4 new twists that push the hacker attack on millions of US govt workers into WTF land

You Really Won't Believe What Happened Next

The data breach that recently hit the US government's Office of Personnel Management, in which personnel records for millions of federal workers were swiped, is worse than first feared, sources claim.

According to new reports that emerged on Thursday, the attack was active for more than a year and the pilfered information included detailed personal information on what may be every federal employee, in addition to lists of their foreign contacts.

Were the hackers going after Americans with personal links to China?

Citing information leaked from classified briefings, The New York Times reports that the hackers – who are believed to be based in China – built a database of intelligence on prominent US officials including diplomats, nuclear experts, White House staffers, and trade officials.

Among that information were lists of foreign contacts, which US government employees are required to disclose when applying for security clearance passes.

Those contacts would include relatives, friends, and associates in mainland China. And US intelligence officials now worry that if that information is in the hands of the Chinese government, it could be used for blackmail or retaliation. What's more, it could spell trouble for people in China who may have concealed their relationships with American officials.

The NYT report goes on to note that most of the pilfered data was not encrypted, adding credence to criticism that OPM was woefully unprepared to face any sort of security intrusion. Previous government audits slammed the agency for failing to provide so much as an inventory of its IT systems.

In the system for more than a year

It should come as no surprise, then, that the hackers enjoyed a lengthy stay in the OPM network before they were detected. ABC News reports that the hackers harvested data from various segments of OPM's records database for more than a year, including forms filled out by federal employees seeking security clearances.

How high up did the breach go? Another ABC News report cites government sources who believe that top Obama administration officials were among the targets, including current and former cabinet members.

"If [only] they knew the full extent of it," an unnamed official was quoted as saying.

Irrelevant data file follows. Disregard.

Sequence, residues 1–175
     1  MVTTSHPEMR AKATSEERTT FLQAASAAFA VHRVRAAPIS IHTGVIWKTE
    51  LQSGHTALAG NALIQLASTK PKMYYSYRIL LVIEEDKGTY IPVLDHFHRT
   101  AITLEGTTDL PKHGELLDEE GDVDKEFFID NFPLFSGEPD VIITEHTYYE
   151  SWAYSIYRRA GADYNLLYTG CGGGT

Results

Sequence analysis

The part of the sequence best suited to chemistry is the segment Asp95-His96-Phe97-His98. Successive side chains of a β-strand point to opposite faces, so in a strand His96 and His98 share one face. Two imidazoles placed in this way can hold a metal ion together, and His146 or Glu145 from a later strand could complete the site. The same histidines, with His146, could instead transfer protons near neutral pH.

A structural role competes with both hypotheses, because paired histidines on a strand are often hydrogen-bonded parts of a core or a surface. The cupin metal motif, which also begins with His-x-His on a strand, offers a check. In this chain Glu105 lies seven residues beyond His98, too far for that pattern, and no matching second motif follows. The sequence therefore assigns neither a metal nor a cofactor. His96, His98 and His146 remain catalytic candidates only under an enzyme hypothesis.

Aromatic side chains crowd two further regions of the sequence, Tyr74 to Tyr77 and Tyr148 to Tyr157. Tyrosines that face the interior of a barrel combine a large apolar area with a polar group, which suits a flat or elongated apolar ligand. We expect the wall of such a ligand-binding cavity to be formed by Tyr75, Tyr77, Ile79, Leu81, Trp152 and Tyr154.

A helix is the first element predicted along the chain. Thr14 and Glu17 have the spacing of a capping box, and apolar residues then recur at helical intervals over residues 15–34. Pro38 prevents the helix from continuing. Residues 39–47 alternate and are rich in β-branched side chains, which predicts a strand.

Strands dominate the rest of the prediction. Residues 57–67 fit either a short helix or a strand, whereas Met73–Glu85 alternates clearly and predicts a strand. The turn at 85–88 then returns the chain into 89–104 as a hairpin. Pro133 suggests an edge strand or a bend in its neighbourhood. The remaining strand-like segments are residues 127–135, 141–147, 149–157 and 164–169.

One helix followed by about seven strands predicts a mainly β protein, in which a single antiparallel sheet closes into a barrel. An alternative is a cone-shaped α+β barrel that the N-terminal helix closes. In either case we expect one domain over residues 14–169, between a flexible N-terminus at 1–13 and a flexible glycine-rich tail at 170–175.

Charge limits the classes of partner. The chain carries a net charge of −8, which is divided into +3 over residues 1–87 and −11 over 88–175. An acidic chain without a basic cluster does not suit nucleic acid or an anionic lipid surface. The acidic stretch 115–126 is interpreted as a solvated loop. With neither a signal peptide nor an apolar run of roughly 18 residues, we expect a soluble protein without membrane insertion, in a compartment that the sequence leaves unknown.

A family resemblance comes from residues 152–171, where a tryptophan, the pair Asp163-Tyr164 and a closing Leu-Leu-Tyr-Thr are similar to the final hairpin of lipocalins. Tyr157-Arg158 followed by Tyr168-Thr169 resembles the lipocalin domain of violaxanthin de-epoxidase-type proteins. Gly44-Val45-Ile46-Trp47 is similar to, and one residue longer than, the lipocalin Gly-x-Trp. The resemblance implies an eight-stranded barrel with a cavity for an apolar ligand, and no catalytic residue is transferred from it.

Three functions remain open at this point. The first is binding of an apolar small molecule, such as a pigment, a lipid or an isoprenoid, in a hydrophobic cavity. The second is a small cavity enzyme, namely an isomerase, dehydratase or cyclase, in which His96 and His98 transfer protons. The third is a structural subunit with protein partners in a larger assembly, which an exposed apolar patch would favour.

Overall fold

Chapter and verse on the lives of millions

The full extent appears to be dire. A report by the Associated Press cites correspondence between the OPM and the American Federal of Government Employees, a public sector union, which fears that every federal employee may have been compromised in the breach. Sources told the AP that the data includes "military records and veterans' status information, address, birth date, job and pay history, health insurance, life insurance, and pension information; age, gender, and race data."

On top of what will be a steep cost in lost intelligence and potential blackmail of government employees, the fallout from the attack carries with it a significant monetary cost.

NextGov points to a $20m deal that OPM has signed with The Winvale Group to provide notification, credit reports, and credit and identity monitoring to each of the current and former employees affected. Based on an estimate of 4 million accounts breached, that would add up to roughly five dollars per person.

Not surprisingly, other unions representing federal employees are less than enthused about the way the incident has been handled thus far. The Hill reports the National Federation of Federal Employees (NFFE) is expressing frustration with what it calls a lack of communication between OPM and the aggrieved workers.

"They cannot even get through to a live human to answer their questions," said NFFE president William Dougan. "Federal employees deserve better than this."

Discovered during a product demo

Finally, the Wall Street Journal has sources that claim the network breach was discovered when an IT security company called CyTech turned up to demonstrate its intrusion forensics software to federal staffers. A diagnostic check of the agency's computers turned up hidden malware, sparking further investigation. ®

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